You see, Frank is a “retired” cat burglar, long chafing at his inability to continue the quite exciting, high-stakes career that he remembers so vividly. The robot has physical skills that Frank’s old fingers now fumble, not to mention additional abilities — such as rapidly trying all possible values of a combination lock — that would require prohibitive amounts of time for a human being.

And thus a new — and quite unlikely — criminal team is born.

Sadly, it’s not that simple. Although a meticulous planner by nature, Frank anticipates scenarios that are decades out of date; the world has moved on, and he hasn’t. He’s also still an old man who is compromised further by an unwillingness to acknowledge his limitations.

Indeed, he doesn’t even perceive some of those limitations.

Langella, for years an under-appreciated actor only now receiving proper recognition for a long and remarkably varied career that recently brought him an Academy Award nomination for 2008’s Frost/Nixon, delivers a precise, delicately nuanced performance. His expressive features convey a wealth of emotions, from stubborn petulance to sorrow, embarrassment and the genuine fear that he may have become as obsolete as the books in the town library.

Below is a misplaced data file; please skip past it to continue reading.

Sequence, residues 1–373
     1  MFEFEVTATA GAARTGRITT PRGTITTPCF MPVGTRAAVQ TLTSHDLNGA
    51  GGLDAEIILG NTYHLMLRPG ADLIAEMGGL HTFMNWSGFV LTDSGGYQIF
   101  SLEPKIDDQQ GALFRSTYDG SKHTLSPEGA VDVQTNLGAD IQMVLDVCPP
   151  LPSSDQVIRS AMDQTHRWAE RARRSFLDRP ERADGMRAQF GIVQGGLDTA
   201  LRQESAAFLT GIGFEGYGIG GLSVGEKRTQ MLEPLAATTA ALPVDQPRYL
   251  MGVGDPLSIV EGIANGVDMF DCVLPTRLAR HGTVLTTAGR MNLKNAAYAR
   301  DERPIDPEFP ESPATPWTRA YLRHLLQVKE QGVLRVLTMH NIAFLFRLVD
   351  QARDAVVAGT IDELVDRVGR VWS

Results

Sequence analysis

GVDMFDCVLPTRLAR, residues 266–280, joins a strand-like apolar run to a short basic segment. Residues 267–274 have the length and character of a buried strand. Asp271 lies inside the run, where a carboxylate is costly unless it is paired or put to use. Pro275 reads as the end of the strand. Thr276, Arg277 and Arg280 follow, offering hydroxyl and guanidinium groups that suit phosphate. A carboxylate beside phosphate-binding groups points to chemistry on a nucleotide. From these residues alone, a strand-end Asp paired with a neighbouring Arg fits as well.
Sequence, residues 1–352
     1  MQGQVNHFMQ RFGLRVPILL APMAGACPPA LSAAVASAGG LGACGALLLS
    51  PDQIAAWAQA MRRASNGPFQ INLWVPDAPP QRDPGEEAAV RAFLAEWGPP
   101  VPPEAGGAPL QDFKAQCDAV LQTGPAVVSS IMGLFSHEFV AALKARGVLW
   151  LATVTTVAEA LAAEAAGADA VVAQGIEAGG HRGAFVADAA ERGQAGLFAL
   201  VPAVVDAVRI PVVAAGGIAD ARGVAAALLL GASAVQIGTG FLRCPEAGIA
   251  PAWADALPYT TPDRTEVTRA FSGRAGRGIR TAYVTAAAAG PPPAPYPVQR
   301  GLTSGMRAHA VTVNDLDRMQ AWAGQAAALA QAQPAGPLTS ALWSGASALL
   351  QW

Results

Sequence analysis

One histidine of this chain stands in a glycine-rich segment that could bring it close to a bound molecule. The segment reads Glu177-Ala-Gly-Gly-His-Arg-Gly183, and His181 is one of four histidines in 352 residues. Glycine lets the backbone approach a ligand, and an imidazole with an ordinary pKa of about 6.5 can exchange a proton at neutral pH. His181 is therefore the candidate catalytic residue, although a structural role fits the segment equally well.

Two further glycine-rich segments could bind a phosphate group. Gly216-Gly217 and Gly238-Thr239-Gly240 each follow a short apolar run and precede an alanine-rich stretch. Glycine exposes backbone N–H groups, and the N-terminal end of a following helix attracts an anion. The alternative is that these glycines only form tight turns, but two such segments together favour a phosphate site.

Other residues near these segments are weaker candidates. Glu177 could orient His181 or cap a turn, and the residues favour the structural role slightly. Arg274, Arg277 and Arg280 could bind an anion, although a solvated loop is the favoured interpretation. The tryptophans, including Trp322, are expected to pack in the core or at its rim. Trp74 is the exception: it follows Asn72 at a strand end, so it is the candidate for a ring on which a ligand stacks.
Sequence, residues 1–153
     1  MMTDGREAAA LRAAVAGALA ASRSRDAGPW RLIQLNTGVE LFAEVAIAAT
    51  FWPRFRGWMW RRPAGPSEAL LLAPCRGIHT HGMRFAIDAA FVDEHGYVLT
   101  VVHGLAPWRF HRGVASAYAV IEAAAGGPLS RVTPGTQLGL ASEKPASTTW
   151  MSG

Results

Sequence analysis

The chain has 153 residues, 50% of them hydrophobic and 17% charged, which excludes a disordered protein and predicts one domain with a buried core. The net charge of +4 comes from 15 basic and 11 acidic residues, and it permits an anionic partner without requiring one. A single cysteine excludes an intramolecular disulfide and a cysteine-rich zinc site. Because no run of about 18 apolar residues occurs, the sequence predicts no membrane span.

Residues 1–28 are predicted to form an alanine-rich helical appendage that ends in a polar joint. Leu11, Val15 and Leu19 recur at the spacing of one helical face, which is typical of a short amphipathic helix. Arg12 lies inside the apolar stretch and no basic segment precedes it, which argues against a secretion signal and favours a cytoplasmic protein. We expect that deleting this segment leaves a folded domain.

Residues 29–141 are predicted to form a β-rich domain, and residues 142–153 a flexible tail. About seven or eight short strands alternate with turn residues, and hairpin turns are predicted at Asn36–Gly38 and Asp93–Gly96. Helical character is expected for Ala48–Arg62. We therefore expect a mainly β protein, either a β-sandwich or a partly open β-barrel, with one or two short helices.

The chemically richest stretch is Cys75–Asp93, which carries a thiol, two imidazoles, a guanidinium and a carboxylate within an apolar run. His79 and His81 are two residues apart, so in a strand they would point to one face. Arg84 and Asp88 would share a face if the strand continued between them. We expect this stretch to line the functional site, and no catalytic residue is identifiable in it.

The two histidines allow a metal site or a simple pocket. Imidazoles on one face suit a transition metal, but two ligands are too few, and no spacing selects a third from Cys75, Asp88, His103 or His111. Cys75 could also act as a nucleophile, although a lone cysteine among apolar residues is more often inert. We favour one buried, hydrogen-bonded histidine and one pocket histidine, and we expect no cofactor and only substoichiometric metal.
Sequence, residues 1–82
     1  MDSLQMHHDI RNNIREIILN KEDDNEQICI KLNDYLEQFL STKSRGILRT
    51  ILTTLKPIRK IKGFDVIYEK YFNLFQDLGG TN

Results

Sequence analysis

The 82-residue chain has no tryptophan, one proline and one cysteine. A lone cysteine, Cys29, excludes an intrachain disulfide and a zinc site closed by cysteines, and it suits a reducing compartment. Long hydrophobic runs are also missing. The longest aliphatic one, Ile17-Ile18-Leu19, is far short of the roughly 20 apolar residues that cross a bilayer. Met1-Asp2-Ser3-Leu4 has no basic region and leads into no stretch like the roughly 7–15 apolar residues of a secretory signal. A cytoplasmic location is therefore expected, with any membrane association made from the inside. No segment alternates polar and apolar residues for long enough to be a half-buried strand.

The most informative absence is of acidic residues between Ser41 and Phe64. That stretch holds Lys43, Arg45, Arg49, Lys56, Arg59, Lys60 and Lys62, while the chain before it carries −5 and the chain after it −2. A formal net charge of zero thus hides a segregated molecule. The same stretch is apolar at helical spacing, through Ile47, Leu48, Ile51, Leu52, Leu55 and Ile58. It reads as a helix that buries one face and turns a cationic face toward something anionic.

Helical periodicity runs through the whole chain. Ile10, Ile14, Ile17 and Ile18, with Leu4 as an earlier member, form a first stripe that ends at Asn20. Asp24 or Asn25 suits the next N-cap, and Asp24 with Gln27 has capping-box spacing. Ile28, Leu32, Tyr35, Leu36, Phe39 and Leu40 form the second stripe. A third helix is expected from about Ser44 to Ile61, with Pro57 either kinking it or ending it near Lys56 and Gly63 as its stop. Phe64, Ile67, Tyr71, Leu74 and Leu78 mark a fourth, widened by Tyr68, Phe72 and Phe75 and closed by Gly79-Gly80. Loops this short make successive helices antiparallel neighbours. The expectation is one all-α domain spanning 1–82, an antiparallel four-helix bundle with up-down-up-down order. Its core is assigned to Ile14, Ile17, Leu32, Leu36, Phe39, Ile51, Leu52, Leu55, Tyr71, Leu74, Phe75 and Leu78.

Watch for the flicker of interest — so marvelously subtle, at first — as Frank learns of his new companion’s moral shortcomings.

At the same time, we can’t necessarily take Frank’s surface behavior at face value. He built a career on deceit and subterfuge, and he’s not above resorting to guile in the service of his desires, even if it means conning his own children. Eventually, we come to recognize the impish spark dancing in Langella’s eyes, which means that Frank once again is up to no good.

Tyler breezes into this story when the globe-trotting Madison — a political activist with rather strong views on the subject of robot helpers — decides to visit and care for Frank herself. It’s a noble gesture, but Madison can’t begin to cope with the situation; Tyler deftly conveys her character’s warring, guilt-laden emotions.

We’ve all experienced this internal conflict: “I feel like I should do this for you, but I’d really rather you insisted that I not bother, so that I can be let off the hook without feeling guilty.”